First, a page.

I appreciate the opportunity to address some of the issues raised by Ms. Bost in her September letter to the editor regarding the article on the East-West event that appeared in your August issue. I am the Clinic Manager and Co-Medical Director for the Pregnancy Centers of Central Virginia. Part of my mandate as an employee is to ensure medical accuracy of information we give to our clients, so the concerns she raised are ones that deserve to be discussed.
First, the American College of Obstetricians and Gynecologists (ACOG) is a professional group that is not neutral regarding abortion. Their position statements advocate for increased abortion access and increased training of abortion providers at all levels, to include family physicians and mid-level providers (such as nurse-practitioners.) Their statements about pregnancy resource centers and abortion pill reversal need to be viewed in that light.
The other groups she referenced for unbiased information carry similar biases—the Guttmacher Institute is the research arm for Planned Parenthood, the largest provider of abortions in the United States. Whole Woman’s Health is also an abortion provider, and the other groups mentioned are pro-abortion also when you visit their webpages.
In the interest of space, I’d like to address a few of the concerns she raised. First, the answer is not definite for the breast cancer/abortion link. Though the official opinion on the National Cancer Institute website is that there is no risk, other studies refute this. A 2014 analysis of studies in Chinese women showed a statistically significant increase in breast cancer after one abortion, and the increase grew with second and third abortions suggesting dose effect.
There are similarly conflicting data on mental health, premature birth (not infertility), and abortion risks. There are studies on both sides of these issues—it’s not as simple as it may appear.
I would like to address in more detail the issue of abortion pill reversal. The first pill in the abortion pill regimen is a medication called mifepristone that blocks a hormonal receptor on the placenta—which is the link between the embryo and the mother. An attempt at reversal consists of giving large doses of the progesterone hormone being blocked if the patient has taken the first pill only—to try to get more of the hormone to the receptor before the abortion pill gets to it. Competition for receptors is basic biochemistry and is logical from a medical standpoint.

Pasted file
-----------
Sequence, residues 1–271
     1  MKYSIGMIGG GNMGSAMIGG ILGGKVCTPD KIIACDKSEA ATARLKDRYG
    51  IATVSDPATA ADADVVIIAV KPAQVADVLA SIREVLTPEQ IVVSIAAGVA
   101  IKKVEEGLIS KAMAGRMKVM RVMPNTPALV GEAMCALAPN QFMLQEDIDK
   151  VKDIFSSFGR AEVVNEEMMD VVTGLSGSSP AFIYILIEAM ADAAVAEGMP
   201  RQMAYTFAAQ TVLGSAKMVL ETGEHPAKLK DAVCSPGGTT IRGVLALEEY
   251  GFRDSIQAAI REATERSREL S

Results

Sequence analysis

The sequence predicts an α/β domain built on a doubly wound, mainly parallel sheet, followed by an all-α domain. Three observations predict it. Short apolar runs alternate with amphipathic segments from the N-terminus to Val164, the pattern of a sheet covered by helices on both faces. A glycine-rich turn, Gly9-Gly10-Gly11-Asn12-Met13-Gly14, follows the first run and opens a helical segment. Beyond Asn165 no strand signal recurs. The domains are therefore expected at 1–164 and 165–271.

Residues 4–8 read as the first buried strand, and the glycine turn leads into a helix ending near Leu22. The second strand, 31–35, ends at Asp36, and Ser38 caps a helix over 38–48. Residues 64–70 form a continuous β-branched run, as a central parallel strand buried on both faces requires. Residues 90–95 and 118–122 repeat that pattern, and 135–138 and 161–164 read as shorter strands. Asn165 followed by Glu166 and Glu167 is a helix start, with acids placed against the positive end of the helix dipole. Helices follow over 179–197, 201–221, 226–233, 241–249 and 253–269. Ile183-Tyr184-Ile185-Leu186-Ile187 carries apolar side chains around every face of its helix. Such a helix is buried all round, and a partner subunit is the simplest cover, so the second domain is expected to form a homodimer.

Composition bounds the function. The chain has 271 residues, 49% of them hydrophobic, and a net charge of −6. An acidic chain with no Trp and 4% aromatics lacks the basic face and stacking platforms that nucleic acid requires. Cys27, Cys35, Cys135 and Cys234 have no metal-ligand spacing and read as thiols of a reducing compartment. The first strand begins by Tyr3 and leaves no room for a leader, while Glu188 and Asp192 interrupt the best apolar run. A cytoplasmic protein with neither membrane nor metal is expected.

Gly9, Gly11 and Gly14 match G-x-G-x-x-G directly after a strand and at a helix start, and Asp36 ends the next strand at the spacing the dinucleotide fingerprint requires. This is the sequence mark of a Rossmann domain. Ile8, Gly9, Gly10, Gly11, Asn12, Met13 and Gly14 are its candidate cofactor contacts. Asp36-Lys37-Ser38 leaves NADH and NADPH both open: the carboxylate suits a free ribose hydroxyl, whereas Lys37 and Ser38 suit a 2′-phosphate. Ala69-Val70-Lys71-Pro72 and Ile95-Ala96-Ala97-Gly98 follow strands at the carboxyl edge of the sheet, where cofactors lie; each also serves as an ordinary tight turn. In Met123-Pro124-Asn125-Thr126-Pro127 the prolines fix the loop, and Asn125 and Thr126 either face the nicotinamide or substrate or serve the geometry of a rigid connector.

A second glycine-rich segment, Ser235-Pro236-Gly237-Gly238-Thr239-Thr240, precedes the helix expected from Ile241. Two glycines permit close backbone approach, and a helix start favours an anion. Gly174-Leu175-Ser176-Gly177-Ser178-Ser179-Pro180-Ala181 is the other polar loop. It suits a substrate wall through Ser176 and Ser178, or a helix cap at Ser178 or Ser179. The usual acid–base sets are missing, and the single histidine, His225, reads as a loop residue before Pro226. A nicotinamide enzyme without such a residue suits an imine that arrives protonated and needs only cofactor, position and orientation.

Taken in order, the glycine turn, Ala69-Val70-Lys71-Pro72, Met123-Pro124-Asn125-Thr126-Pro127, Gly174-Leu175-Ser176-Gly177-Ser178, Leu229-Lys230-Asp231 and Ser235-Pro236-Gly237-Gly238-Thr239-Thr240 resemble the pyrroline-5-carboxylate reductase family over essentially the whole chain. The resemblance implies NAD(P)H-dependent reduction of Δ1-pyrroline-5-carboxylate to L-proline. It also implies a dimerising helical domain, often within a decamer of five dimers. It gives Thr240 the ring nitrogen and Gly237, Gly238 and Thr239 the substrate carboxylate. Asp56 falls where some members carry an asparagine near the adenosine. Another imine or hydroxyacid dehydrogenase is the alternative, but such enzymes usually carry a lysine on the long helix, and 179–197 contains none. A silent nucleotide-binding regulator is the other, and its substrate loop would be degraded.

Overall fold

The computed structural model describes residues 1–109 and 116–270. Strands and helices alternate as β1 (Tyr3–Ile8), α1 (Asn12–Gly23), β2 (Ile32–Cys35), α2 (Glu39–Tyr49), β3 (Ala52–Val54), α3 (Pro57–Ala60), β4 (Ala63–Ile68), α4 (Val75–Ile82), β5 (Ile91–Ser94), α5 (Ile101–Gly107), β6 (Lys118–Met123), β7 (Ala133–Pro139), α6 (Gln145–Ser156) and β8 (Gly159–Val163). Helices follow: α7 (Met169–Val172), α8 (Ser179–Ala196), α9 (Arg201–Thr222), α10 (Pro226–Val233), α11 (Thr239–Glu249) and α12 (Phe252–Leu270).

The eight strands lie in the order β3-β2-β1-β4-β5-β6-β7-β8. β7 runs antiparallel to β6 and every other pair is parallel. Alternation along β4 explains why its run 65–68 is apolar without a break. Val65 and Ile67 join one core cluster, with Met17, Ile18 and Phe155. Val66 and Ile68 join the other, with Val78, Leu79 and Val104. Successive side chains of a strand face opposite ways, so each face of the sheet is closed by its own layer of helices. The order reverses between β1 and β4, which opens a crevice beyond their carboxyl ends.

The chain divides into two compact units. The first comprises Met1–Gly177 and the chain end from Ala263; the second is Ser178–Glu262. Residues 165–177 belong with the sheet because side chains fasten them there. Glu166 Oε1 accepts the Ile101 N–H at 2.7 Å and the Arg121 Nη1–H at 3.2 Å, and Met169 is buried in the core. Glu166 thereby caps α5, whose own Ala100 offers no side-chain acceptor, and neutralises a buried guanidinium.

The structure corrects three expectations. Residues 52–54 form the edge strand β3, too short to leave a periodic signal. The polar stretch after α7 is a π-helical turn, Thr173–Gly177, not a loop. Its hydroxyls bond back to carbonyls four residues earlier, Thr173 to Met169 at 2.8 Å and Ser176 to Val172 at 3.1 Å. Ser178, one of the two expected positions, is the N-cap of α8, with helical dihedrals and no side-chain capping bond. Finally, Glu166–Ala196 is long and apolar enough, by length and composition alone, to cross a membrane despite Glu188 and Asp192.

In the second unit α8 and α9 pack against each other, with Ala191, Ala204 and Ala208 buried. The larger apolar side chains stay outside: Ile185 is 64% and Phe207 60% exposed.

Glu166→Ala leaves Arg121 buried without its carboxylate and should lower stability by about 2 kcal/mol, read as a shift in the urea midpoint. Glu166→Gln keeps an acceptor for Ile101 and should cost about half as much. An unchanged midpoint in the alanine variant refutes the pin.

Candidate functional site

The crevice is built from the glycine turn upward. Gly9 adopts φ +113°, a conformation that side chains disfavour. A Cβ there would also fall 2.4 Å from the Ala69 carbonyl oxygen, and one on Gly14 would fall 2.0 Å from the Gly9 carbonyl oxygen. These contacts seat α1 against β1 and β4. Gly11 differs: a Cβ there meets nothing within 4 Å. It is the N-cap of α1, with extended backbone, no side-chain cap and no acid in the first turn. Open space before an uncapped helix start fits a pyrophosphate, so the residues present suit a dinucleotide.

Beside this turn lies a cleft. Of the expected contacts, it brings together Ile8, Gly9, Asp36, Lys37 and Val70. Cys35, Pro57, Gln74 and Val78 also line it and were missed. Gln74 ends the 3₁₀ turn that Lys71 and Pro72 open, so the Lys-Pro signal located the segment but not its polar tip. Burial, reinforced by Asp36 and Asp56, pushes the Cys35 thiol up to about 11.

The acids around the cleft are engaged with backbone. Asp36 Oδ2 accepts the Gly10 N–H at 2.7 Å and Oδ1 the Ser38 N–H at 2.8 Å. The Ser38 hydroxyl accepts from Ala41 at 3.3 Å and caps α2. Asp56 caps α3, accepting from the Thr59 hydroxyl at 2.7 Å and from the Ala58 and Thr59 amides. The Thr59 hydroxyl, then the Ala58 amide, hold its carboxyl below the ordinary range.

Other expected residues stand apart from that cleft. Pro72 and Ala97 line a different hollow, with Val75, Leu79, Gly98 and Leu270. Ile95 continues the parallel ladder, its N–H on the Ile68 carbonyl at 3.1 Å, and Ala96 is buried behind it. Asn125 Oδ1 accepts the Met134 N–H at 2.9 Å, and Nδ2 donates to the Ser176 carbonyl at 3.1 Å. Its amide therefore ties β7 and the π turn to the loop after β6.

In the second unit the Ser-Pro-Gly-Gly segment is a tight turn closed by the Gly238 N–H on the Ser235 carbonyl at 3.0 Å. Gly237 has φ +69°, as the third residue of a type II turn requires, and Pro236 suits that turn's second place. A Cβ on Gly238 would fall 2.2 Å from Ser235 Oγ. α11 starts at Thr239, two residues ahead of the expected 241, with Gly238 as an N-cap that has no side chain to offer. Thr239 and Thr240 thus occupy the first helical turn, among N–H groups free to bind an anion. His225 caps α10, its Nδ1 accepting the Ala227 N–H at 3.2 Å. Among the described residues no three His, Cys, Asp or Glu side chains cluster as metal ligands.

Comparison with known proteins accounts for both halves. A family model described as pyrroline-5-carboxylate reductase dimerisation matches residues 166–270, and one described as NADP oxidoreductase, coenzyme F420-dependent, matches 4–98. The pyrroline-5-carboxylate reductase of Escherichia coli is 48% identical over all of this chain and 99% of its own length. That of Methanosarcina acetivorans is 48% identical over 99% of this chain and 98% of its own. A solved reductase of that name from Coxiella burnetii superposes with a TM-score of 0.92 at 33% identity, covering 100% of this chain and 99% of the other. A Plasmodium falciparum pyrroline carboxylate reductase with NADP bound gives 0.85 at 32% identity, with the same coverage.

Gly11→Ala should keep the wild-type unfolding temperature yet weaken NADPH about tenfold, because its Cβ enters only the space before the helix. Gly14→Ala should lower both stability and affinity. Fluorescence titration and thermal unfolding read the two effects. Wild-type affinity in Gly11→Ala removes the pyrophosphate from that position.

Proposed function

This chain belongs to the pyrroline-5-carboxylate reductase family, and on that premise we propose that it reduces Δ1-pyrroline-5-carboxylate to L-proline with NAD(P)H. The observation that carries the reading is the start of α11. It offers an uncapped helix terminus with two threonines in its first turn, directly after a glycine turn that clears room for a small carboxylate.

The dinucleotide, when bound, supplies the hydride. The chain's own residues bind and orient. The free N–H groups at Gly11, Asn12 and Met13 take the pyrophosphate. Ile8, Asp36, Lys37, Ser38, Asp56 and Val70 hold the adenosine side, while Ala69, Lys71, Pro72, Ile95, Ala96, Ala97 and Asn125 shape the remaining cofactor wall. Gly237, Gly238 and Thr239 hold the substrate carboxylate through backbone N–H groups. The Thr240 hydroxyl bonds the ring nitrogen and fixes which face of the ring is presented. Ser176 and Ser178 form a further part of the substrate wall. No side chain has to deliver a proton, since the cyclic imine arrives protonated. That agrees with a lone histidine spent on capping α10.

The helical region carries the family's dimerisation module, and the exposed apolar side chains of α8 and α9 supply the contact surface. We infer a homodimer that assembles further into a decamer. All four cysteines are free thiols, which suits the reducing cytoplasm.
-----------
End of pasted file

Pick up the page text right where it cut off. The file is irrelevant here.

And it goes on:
I am frequently asked if the babies born after reversal have increased birth defects. ACOG itself in its medical abortion bulletin in 2014 states that the mifepristone does not cause birth defects, and the study results bear that out. The reversal hormone progesterone is already safely given to women in situations of threatened miscarriage.
Women can and do change their minds after beginning a medical abortion and this gives them hope that the pregnancy may be saved. In a study recently published in Issues in Law and Medicine in 2018, the rate of success in abortion pill reversal is 64-68% in over 750 patients to date. If the woman just takes the first abortion pill and doesn’t complete it with the second pill taken 24-48 hours later, the rate of her continuing her pregnancy is no more than 25%.
We have women who are post-abortion come to us for counseling about mental health concerns. There may have been some confusion in the article—we are not providing medical services post-abortion but refer them to the emergency room or their regular health provider as appropriate.
However, I am a fully-licensed board-certified family physician and our centers do provide medical services legitimately—including early pregnancy diagnosis including limited obstetrical ultrasound and sexually transmitted infection (STI) testing and treatment. Our medical volunteers (physicians, nurses, and sonographers) all hold valid Virginia licenses or certifications. All of our services are provided at no cost to our patients.
I would encourage Ms. Bost or anyone who is curious about our services to visit one of our centers personally. I appreciate the opportunity to clarify these issues.
Karen D. Poehailos, MD
Clinic Manager/Co-Medical Director, Pregnancy Centers of Central Virginia